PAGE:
According to Econsultancy’s latest Internet Statistics Compendium, Latin America’s users spend the most time on social networks with a total of 7.6 hours spent per month, ahead of Europe and North America with 7 and 6.4 hours respectively.

Despite this trend, the same report also revealed that Latin America has among the lowest social network penetration in the world with only 25% of the population using them.

A study conducted by Comscore found that out of the top 25 most engaged countries in the world, 7 of these are in Latin America including Argentina, Chile, Colombia, Venezuela, Mexico, Peru, and of course Brazil.

Missed Opportunity?

Despite these trends, most businesses in Latin America aren’t taking advantage of the opportunity to market to the most socially engaged region in the world and incorporate social in their business.

On Facebook alone, 5 out of the top 10 largest audiences are in Latin America but only 39% of companies have a presence on Facebook as opposed to 54% globally. On Twitter only 32% of companies have an account, much lower than the 65% global average. The numbers are even more disappointing when looking at You Tube and blogging presence.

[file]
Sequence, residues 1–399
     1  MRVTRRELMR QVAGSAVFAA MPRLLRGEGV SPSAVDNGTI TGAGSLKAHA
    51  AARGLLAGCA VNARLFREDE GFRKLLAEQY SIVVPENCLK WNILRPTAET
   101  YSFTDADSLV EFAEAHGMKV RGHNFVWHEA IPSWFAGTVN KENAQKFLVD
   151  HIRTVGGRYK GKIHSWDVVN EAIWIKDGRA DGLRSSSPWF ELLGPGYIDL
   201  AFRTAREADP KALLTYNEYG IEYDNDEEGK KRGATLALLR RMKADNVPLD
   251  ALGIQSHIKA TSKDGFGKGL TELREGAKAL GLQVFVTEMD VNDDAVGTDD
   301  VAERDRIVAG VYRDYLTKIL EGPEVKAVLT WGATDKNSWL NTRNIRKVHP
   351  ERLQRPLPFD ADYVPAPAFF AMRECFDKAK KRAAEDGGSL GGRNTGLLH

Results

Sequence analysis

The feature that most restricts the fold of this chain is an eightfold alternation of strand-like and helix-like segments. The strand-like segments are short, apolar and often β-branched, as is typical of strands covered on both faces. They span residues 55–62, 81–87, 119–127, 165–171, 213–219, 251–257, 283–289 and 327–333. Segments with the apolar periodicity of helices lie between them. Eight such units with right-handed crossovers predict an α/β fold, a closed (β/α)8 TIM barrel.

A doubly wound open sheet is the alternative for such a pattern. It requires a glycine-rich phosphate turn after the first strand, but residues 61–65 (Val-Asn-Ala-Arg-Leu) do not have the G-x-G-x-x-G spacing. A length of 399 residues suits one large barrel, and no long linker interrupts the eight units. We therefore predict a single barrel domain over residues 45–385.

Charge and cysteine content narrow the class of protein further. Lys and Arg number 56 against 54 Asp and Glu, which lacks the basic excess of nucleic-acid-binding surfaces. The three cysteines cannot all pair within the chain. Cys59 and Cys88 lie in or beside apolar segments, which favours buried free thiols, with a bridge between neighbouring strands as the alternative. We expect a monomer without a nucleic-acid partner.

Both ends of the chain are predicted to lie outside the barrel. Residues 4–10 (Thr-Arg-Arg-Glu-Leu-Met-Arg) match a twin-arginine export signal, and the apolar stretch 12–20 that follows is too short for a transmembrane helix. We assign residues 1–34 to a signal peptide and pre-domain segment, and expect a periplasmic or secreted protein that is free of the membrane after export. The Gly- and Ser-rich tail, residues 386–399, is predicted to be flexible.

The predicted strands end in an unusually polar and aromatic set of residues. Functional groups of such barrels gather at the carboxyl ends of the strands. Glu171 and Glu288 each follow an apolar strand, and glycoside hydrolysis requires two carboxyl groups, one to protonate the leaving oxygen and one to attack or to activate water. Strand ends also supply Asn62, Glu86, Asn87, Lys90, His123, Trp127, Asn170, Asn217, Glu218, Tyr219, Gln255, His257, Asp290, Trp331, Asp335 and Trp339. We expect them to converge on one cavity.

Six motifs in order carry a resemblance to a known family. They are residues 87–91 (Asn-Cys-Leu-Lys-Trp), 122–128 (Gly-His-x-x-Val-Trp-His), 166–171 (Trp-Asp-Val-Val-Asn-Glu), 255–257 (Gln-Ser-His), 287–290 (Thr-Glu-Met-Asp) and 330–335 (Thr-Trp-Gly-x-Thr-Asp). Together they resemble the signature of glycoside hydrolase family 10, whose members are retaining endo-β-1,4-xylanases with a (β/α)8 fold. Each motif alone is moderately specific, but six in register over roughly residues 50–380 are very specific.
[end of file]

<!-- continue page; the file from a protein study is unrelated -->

One of the main reasons for the poor participation of brands on social media channels is the lack of Internet infrastructure in many Latin American regions and the heavily marked social divisions that prevent the average consumer from having a presence online.

Another obstacle, perhaps due to culture customs, is the insistence of Latin American companies on having one-way communications with customers and hesitancy to be criticized in an open forum. The social media explosion also brought to Latin America its number of gurus, making brands hesitant of jumping into the social media bandwagon. 

There is Hope 

The increase of mobile penetration in Latin America should result in a boost to social network access and may further incentivize brand participation on social networks. According to Luis Fernando Martinez, Social Business & Strategy Consultant at FuneStrat in Mexico:

Mobile offers fast and easy access to social networks for the average consumer, which in turn may eventually translate into the further presence of brands.

As more and more Latin American brands participate in social media, more businesses may decide to get their feet wet and create a solid strategy on these channels. As Marco Arias, Cisco’s Marketing Program Manager for Latin America, puts it:

Consumers already decided to make a change in how they consume and share information. It’s time that brands do the same and actually incorporate social into their business model.

Businesses in Latin America that seize the opportunity of interacting with the planet’s most engaged users will become pioneers and certainly gain from the benefits of having a social business.